Many are hopeful that those numbers and that practice of making the rich richer – will turn around now that there is a new administration in Washington. But, here is where we can learn a lesson from this parable: no one in power will balance the scales between rich and poor. With the new administration, the gap may become narrower, but the gap will always be there, simply because this world is not your father’s kingdom.
The simple fact is that the poor have no one to represent them in the government. There are no poor people running our system because only rich people can afford to run for office. Sure, they’ll talk about the plight of the poor, and they may even implement some programs that make life marginally better for the poor – but overall, the poor will be what they’ve always been – poor. What they have will be taken away from them and given to the ones who have a ton of money. The poor are cast into the outer darkness of poverty and despair. The world is ruled by a ruthless master because this is not your father’s kingdom.
Still waiting for the dawn, the sun is coming up
The sun is coming up on the ocean
His love is like a drop in the ocean
His love is like a drop in the ocean
Always pain before a child is born
Yahweh, tell me now
Why the dark before the dawn?
The moral of this parable is this: God is not like the ruthless master, and we should not be either. We must buck the world’s system if we are to help bring even the tiniest shard of God’s realm into this greedy and ruthless world. This story is meant to open our eyes to our role in the world. Paul assured the Thessalonians – just as he assures us – that we are not cast into the outer darkness. God has not destined us for wrath, but for salvation. Instead of following the example of the ruthless master, we are to encourage one another and build up each other, as Paul says. We are to reach into the outer darkness and bring God’s light of love and compassion to those stranded in poverty and despair. The world conspires to keep those people in darkness and rewards ruthless profiteering. We must resist the world’s call to get all we can get and trample anyone who gets between us and the world’s wealth and approval. That is not your father’s kingdom.
Instead the kingdom is like a mustard seed, small but mighty. The kingdom is like yeast – just a little bit goes a long way. The kingdom of heaven is like sowing good seeds that grow in the fertile hearts of those who also seek God’s realm. The kingdom is not about the power and might of the world’s leaders – but about the small, seemingly insignificant and futile efforts of people like you and me.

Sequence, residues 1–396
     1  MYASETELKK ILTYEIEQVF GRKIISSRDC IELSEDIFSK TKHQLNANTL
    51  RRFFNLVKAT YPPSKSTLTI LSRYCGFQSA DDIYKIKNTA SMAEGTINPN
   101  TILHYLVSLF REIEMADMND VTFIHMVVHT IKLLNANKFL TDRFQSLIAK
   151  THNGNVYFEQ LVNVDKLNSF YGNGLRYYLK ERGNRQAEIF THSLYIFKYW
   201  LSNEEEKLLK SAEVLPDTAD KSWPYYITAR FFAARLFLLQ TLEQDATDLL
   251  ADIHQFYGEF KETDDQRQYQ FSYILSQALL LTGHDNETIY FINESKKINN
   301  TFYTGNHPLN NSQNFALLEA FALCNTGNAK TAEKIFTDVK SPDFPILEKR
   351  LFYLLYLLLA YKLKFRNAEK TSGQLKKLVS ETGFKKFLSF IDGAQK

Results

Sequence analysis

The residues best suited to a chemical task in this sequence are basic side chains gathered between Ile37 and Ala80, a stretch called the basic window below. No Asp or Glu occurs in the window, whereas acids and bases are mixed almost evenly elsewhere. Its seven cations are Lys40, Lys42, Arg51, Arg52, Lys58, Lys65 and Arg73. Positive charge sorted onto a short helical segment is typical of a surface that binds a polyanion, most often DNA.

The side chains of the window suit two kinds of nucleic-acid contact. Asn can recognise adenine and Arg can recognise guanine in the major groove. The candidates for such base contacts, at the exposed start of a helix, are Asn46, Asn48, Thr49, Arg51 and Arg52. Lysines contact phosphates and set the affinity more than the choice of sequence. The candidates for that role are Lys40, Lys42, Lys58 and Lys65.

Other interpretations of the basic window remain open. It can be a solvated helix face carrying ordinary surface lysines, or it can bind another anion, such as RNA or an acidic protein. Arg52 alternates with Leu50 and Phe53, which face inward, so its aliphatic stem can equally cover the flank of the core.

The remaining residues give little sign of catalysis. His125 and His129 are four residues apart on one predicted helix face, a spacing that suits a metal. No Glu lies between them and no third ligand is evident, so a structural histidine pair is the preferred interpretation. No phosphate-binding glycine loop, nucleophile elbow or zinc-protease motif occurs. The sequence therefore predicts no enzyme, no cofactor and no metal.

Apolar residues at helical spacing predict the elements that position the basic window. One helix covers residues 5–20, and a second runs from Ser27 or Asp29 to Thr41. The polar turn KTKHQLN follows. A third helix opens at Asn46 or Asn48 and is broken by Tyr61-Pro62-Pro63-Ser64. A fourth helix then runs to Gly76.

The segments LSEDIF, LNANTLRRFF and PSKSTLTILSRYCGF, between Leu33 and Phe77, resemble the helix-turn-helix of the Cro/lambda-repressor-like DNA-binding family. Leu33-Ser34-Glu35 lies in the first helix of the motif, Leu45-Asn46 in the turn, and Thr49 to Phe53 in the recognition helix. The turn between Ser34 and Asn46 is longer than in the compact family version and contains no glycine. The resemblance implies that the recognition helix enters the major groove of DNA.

God came into the world in the form of one man to show us that God’s realm is not realized in the power structure of our world – no matter how benevolent the current government might be. Instead, God’s realm is realized in you and me. God’s realm is realized when we see the world for what it is – a ruthless master that takes from the least of these and gives to those who already have more than enough. God’s realm is realized when we pray for God to take our soul and make it sing, to take our hands and teach them what to carry, to teach us not to make a fist. God’s realm is realized when we pray that our mouths, so quick to criticize, begin to speak in words of love, compassion, grace and mercy. These are treasures that cannot be taken from us but can multiply and grow and bring about God’s realm.
Nothing we do, even the smallest action, is too little. When we seek to end poverty or find a cure of AIDS or work for justice and equality for anyone who has been cast out of the world’s care, we are doing work for the realm of God. Whenever we serve in a soup kitchen, give clothes to the needy, visit the sick in the hospital or visit the prisoner, we are doing kingdom work. When we link our small actions to others doing small actions, we can grow our reach in the world. Already, 2.4 million people have joined the ONE Campaign that is fighting to end AIDS and poverty in the world. The campaign urges people to sign up and volunteer right where they are, doing what they can for those around them. They also want people to contact Congress and urge those in power to embrace their own role in bringing about God’s realm – even as they serve the world.
One of the leading spokesmen for the ONE Campaign is U2 lead singer, Bono, who wrote this song. He said, “the one thing we can all agree, all faiths, all ideologies, is that God is with the vulnerable and the poor. God is in the slums, in the cardboard boxes where the poor play house. God is in the silence of a mother who has infected her child with a virus that will end both their lives. God is in the cries heard under the rubble of war. God is in the debris of wasted opportunity and lives, and God is with us if we are with them.”
He also said, “The final mark of greatness, I think, is emptiness. That is true of music, painting, of anything. The less you can do it with, the more powerful you are.” So don’t think that anything you do for the least of these, no matter how small, is wasted. Sometimes the least you can do is the most powerful. As Margaret Mead once said, “A small group of thoughtful people could change the world. Indeed, it’s the only thing that ever has.”
The government, no matter how good or bad, is not your father’s kingdom – we are the kingdom of God and working together, in small and large ways, we can overcome the ruthless master of the world and bring about God’s realm.
Take this city, A city should be shining on a hill
Take this city, If it be your will
What no man can own, no man can take
Take this heart, Take this heart
Take this heart, And make it break
The founder and Editor Emeritus of Whosoever, Rev. Candace Chellew earned her Masters of Theological studies at the Candler School of Theology at Emory University in Atlanta, Ga., and trained as a spiritual director through the Omega Point program of the Episcopal Diocese of Atlanta. Her first book, “Bulletproof Faith: A Spiritual Survival Guide for Gay and Lesbian Christians”, was published by Jossey-Bass in 2008. She currently serves as the Spiritual Director of Jubilee! Circle in Columbia, S.C.